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My daughter, who resides in the US, is about to fly to the UK for a brief trip. She holds both US and UK passports and citizenships, and has a NEXUS card.

Now, just before departure, we have realized that her US passport is inaccessible (it is with a distant relative).

Can she instead travel on her UK passport, then on her return successfully enter the US by presenting the UK passport, her US birth certificate and her NEXUS card? (I'm guessing they would be pretty unhappy, but not prevent her entering since it's clear she's a citizen.)

Assuming they will let her in, will she have any trouble leaving the country in the first place - given that the airline has her US passport number attached to her ticket?

marked as duplicate by phoog usa Aug 8 at 14:45

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    Your daughter won't have trouble leaving the US. Returning could be more of an issue. Could your distant relative courier the passport to your daughter in the UK? – user90371 Aug 8 at 3:53
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    Getting hold of the passport is the easiest way to solve the problem. Don't leave the US without it, unless you want to spend several hours detained at a CBP port of entry. – Michael Hampton Aug 8 at 5:19
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    @MichaelHampton there is a very good chance of success by leaving the US without it and having it sent while abroad so as to be able to return with it. But there is a small chance of being checked by CBP on departure, and a possibility that they would prevent the passenger from departing because of the lack of a valid US passport. There are a couple of questions here of which this is probably a duplicate, but I don't have time to search right now. – phoog Aug 8 at 8:07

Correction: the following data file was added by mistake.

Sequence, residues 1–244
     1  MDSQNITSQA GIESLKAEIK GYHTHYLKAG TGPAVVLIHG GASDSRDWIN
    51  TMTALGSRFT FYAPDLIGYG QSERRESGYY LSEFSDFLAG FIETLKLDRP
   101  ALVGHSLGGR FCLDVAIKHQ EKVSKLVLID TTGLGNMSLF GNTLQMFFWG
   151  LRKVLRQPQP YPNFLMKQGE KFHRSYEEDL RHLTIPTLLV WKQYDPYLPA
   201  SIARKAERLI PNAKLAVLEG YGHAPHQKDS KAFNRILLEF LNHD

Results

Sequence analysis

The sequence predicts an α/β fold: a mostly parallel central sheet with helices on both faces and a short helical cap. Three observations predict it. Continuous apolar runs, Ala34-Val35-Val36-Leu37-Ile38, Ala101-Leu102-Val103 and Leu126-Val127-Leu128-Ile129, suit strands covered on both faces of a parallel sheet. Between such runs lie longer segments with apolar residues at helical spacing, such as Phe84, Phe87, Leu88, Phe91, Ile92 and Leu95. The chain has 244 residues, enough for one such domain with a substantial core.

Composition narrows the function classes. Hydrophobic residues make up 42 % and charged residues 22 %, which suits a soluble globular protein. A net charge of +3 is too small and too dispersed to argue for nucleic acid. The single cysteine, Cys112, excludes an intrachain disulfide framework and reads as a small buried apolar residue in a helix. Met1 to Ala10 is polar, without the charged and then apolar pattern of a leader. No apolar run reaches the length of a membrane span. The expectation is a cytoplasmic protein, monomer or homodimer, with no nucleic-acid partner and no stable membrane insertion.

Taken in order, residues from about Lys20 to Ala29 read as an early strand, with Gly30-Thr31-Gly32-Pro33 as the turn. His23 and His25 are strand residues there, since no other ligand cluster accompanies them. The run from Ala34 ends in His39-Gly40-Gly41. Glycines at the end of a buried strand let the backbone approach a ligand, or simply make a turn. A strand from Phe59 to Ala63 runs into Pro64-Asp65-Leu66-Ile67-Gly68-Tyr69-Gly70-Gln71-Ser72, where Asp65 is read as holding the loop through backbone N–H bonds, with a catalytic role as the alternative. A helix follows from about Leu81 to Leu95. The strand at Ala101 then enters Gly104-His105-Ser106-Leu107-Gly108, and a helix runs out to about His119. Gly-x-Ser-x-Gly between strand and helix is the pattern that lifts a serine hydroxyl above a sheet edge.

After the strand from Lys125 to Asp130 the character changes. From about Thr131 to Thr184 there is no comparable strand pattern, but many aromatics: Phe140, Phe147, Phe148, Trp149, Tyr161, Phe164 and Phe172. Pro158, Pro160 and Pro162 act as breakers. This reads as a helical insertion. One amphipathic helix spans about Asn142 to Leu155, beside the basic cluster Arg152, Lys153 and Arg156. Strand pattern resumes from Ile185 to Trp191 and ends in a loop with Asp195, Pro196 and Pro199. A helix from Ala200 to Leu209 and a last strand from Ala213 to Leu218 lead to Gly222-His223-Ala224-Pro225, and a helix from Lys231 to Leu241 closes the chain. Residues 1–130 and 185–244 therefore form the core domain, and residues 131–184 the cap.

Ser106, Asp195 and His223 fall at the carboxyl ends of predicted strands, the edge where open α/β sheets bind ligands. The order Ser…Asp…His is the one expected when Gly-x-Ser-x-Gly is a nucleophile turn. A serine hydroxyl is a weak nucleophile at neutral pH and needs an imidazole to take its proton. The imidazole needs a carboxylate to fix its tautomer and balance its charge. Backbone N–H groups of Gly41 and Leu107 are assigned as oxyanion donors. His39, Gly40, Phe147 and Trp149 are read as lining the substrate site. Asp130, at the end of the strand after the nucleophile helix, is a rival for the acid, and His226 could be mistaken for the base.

• Thanks everyone for the help. The issue with ESTA was one of those I hadn't considered. We are working right now to get the US passport shipped in time to leave, or reschedule. – cheerless bog Aug 8 at 19:05
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No, the airline will not allow your daughter to board the flight to the US based on presenting a birth certificate and a NEXUS card. It would likely be enough for US immigration (after they detain and interrogate her) but she won't get that far.

  • But the airline might let her board with the UK passport and ESTA. This question should probably be closed as a duplicate, but I don't have time to find the best question for that just now. – phoog Aug 8 at 8:07
  • To board the US-bound flight with her UK passport your daughter would need an ESTA, which she cannot get due to her US citizenship. From FAQs esta.cbp.dhs.gov/esta/application.html?execution=e5s1 “U.S. Citizens are not required to have an ESTA and are required to use their U.S. passport to travel to the U.S.” – Traveller Aug 8 at 8:10
  • @phoog She can't get an ESTA, she's a US citizen. – Sneftel Aug 8 at 8:10
  • @Traveller, Sneftel but nowhere does the US say that US citizens cannot get ESTA, and in fact there are several reports here of US citizens getting ESTA after disclosing their US citizenship on the application. The "requirement" to use a US passport to travel to the US is not very strictly enforced. – phoog Aug 8 at 8:12
  • @phoog: you can try but you need to lie on the ESTA application, since it specifically asks if you are a US citizen and you won't be approved if you answer "yes". – Hilmar Aug 8 at 12:56

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